“An ancient Chinese legend states that an invisible red thread connects those who are meant to be part of each other’s lives. The thread may tangle or stretch, but it will never break. About a year after Elijah settled in our family, we started to feel a tug, a pulling, on our spirits. That tug led us all the way to India.” (p. 22)

Like I said, it’s the best-written reference book ever—probably because it provides so much more than reference lists. Truth be told, calling Martin’s newest masterpiece a “reference book” is only half true. Wholly the first third of the book is a fantastic introduction to great education, and how to offer it to your kids.

Indeed it’s part epic, part guidebook to a truly global education, part reference material, and part magic. The magic doesn’t just weave the other parts together, it also points the reader in many directions around the world.

A Teacher’s How-To

Perhaps most importantly: This new classic teaches readers how to introduce their kids to the big, wide world in practical and fun ways. Then it gives them the exact books to make the journey enjoyable. It tells us what to look for, and what to avoid in the process. Here’s another example from the book:

“I pick up our latest title and sit down in my favorite gray chair at the dining table. Noisy spirits, sibling squabbles, and daily distractions disappear as fiction transports us to another place and time.” (p. 35)

Did I mention that Give Your Child the World is also part primer to the best classics? Here’s another excerpt:

“Whether we’re reading about the enchanted wardrobe of Narnia or the blizzard-threatened prairies of Minnesota, the power of story plants us directly in the middle of the action. As the characters’ struggles become our own, we root for good to win, and we grasp more deeply the story we are writing with out own lives.” (p. 35)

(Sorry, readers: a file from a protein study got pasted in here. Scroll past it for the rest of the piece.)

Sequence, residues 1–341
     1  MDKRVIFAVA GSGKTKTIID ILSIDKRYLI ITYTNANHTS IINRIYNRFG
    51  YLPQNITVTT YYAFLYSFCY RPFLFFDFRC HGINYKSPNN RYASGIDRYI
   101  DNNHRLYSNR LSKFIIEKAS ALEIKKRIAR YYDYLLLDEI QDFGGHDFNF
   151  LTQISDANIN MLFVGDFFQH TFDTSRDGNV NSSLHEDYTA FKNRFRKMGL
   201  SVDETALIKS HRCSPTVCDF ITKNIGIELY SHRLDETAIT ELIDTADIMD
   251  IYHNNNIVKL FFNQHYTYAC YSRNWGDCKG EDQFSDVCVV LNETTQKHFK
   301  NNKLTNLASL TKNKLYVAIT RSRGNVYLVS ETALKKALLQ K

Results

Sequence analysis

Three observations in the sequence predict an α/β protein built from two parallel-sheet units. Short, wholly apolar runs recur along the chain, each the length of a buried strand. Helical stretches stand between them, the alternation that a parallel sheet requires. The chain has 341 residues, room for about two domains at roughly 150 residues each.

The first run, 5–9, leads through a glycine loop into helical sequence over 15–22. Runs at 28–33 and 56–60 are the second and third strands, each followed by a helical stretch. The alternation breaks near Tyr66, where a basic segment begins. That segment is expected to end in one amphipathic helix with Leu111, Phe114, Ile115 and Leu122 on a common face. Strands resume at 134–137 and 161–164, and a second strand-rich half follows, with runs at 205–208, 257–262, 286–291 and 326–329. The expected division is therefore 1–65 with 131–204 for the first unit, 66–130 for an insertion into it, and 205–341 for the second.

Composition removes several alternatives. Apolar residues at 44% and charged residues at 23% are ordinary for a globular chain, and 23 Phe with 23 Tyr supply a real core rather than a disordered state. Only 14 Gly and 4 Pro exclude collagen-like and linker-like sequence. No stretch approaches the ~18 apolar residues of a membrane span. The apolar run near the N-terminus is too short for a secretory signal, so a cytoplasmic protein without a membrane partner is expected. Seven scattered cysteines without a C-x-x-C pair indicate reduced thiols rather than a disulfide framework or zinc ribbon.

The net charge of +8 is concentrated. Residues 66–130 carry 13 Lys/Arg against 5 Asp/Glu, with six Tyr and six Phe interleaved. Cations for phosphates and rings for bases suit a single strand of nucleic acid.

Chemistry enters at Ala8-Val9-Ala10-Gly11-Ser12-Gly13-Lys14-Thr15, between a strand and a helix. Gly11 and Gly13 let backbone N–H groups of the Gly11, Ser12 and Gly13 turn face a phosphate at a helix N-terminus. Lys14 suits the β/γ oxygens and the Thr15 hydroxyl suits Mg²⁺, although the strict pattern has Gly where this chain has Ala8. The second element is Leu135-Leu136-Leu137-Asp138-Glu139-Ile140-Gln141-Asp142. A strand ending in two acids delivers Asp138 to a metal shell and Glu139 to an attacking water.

Just to be clear, this book is a must-have for your bookshelf. You simply must have (and use) the booklists of great classics and key stories for each part of the world. No home that truly values reading can be without it. Seriously.

But there’s more. It’s also a must read.

It teaches so much that is so important about great education in a family. For example:

“Ten Ways to Build a Story-Solid Foundation For Your Family

  1. Use the Library in a Way that Works for You
  2. Don’t Feel Tied to Bedtime Reading (read in the morning, and any time that works)
  3. Invite the Whole Family
  4. Drop a Book if it Isn’t Connecting
  5. Talk About What You’re Reading Personally
  6. Use Audio Books
  7. Go With the Interruptions When You Can
  8. Get Dramatic
  9. Take Turns Reading
  10. Don’t Stop When the Kids Get Older” (pp. 38-41)

This is brilliant. It’s perfect. And the book is full of such profound advice. In fact, it also includes numerous quotes and suggestions from parents around the world who are helping their kids get a great education.

Like I said, it’s a must-read. Every home needs it. Every parent should read it—right away! I can’t recommend this book highly enough.

Read it and you’ll find out what I did: It really is magic